ACGME Fellowship Training
Active for over three decades, the Rheumatology Fellowship Program at The University of Chicago, currently under the direction of Dr. Anisha Dua, provides a fellowship experience that combines exceptional clinical training with the opportunity to pursue rigorous basic or clinical research relevant to the rheumatic diseases. A primary goal of the training program is to prepare fellows for careers in academic rheumatology as clinician-educators, clinician-scholars, or physician-investigators.
A robust exposure to both common and uncommon rheumatic diseases well prepares the fellow for independent clinical care. Fellows assume increasing responsibility during their clinical studies as they care for patients in the outpatient clinic and on the inpatient consultative service. Throughout the training program, fellows are closely guided by an active, full-time faculty composed of experienced clinicians, research scientists, and translational researchers. Critical thinking is fostered and developed throughout the fellowship years.
Clinical and research skills are refined through regular conference attendance, self-guided learning, fellow lecture presentations, journal clubs, medical student and resident teaching, and laboratory research meetings.
Two fellows are usually accepted each year for a two year ACGME-accredited rheumatology fellowship. The first year of fellowship emphasizes clinical training. Fellows have three rotating outpatient continuity clinics per week. In addition, the hospital consult service is covered for approximately five months per year by a first year fellow. Pediatric rheumatology, orthopedics, and musculoskeletal ultrasound, among other rotation occur when the fellow is not on the inpatient consultation service.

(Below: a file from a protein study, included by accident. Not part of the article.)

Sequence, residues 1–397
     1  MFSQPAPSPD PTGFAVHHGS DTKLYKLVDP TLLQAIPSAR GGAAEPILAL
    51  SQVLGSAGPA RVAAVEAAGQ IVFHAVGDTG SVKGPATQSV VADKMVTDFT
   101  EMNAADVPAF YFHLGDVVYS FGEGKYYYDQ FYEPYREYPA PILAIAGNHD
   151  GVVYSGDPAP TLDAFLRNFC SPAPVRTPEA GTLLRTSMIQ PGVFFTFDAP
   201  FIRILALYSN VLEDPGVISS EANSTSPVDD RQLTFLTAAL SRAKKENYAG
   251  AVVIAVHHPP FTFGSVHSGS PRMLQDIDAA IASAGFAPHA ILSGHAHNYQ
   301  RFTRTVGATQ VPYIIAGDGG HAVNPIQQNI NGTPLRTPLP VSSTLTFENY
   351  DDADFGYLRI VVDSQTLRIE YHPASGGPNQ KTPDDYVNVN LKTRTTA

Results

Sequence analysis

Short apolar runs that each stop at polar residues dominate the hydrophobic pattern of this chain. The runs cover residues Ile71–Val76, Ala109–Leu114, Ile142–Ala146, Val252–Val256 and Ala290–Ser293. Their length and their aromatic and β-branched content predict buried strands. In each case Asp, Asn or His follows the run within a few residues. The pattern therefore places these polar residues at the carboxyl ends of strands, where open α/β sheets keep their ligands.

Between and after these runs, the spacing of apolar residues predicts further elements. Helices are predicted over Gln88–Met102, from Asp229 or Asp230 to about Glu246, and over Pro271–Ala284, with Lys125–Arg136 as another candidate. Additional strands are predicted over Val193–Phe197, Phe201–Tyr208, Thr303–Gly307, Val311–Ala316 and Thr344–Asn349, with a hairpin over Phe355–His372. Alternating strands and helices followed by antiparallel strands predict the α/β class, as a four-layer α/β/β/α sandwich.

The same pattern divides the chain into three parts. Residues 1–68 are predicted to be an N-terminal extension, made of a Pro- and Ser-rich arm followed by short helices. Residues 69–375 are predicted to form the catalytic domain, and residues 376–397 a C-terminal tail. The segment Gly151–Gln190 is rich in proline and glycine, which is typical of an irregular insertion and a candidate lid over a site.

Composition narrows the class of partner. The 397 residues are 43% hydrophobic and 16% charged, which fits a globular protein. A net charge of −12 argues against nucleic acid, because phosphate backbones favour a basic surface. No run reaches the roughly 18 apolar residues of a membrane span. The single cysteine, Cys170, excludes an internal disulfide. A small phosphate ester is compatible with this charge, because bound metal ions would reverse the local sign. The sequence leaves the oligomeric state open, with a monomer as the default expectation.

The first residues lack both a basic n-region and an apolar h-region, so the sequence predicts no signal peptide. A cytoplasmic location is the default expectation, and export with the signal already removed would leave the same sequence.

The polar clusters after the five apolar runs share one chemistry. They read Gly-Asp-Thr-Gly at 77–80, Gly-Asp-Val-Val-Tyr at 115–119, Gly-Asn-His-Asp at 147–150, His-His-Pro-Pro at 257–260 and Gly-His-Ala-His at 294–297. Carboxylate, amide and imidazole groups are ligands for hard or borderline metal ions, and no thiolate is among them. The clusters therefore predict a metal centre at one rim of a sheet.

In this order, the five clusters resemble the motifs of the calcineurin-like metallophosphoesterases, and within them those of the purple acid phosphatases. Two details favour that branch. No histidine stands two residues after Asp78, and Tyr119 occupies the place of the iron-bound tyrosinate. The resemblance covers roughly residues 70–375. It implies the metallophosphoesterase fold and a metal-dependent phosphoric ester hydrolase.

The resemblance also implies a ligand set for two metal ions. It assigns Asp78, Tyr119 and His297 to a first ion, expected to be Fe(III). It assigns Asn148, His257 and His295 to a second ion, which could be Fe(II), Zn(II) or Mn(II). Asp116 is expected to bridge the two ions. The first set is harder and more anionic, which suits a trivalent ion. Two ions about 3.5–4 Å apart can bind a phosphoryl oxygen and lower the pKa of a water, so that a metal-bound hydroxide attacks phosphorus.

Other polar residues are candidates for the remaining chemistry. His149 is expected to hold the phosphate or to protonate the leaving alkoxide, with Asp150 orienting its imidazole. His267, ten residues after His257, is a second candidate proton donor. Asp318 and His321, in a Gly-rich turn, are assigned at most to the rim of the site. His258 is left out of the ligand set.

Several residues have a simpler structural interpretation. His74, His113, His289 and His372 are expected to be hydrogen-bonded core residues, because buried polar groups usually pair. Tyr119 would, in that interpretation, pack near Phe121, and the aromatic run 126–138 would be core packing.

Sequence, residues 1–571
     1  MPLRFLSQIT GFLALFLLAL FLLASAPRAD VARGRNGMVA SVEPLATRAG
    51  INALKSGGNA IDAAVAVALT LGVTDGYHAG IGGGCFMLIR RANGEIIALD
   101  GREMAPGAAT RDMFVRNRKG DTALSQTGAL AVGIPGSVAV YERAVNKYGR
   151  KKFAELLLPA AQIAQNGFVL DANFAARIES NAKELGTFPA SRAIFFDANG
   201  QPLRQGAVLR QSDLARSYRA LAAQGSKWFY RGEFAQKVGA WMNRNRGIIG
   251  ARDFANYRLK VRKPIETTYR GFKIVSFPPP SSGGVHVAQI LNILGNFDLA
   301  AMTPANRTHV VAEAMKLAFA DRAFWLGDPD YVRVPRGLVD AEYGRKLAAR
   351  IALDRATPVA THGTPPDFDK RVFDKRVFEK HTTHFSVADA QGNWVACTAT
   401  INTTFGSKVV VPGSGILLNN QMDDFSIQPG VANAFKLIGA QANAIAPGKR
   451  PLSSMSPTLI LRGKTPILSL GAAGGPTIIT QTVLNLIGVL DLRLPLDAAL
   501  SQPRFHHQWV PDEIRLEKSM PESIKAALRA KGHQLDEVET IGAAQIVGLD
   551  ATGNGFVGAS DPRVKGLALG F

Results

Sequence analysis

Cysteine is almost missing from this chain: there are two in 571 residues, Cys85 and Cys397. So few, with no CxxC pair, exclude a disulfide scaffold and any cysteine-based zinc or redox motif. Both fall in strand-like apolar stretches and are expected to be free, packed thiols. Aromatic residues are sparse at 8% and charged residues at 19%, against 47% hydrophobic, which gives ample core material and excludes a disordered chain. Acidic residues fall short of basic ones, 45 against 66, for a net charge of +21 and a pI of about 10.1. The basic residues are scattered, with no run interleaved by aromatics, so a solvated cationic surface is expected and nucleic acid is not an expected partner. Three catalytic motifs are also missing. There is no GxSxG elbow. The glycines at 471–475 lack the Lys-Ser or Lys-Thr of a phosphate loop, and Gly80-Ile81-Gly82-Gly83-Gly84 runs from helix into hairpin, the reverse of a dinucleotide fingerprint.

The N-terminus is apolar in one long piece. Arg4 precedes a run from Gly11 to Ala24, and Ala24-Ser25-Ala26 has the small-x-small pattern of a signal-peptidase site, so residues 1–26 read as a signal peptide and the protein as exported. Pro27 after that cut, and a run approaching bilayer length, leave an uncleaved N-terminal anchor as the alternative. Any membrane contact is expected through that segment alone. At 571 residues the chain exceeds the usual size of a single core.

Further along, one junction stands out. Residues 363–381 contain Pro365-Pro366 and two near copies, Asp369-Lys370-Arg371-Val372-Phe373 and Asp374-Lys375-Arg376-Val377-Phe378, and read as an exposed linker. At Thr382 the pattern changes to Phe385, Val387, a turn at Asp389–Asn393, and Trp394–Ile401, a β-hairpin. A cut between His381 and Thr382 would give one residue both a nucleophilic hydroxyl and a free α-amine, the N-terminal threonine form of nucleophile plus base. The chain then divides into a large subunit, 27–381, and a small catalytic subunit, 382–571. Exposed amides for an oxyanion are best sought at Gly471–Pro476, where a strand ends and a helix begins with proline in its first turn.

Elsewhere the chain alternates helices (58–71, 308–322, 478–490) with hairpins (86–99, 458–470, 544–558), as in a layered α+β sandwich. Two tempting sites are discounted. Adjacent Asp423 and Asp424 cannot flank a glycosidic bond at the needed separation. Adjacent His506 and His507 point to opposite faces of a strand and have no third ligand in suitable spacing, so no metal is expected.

Second year fellows have the opportunity to design and carry out original research in a clinical, translational, or basic science area under the guidance of an experienced investigator – acquiring skills in study design and data analysis needed for critical appraisal of the literature and for later independent research. Fellows select one of three research paths: the basic research, clinical genetics, or clinical scholar track although non-traditional research opportunities also exist (medical education, health services delivery, etc.). Two half-day continuity clinics continue during the second year of fellowship.
A third, elective, year of fellowship may follow successful completion of the ACGME-accredited fellowship. This additional year of training is offered to those fellows who demonstrate exceptional promise for academic rheumatology and wish to continue their research project or pursue an advanced degree.
The University of Chicago Medical Center – which includes the Comer Children’s Hospital – is the teaching site for the rheumatology fellowship. The medical center offers fellows exceptional training opportunities not only in rheumatology but also the opportunity to rotate through musculoskeletal radiology, orthopedic surgery, pediatric rheumatology, ultrasound, and bone metabolism.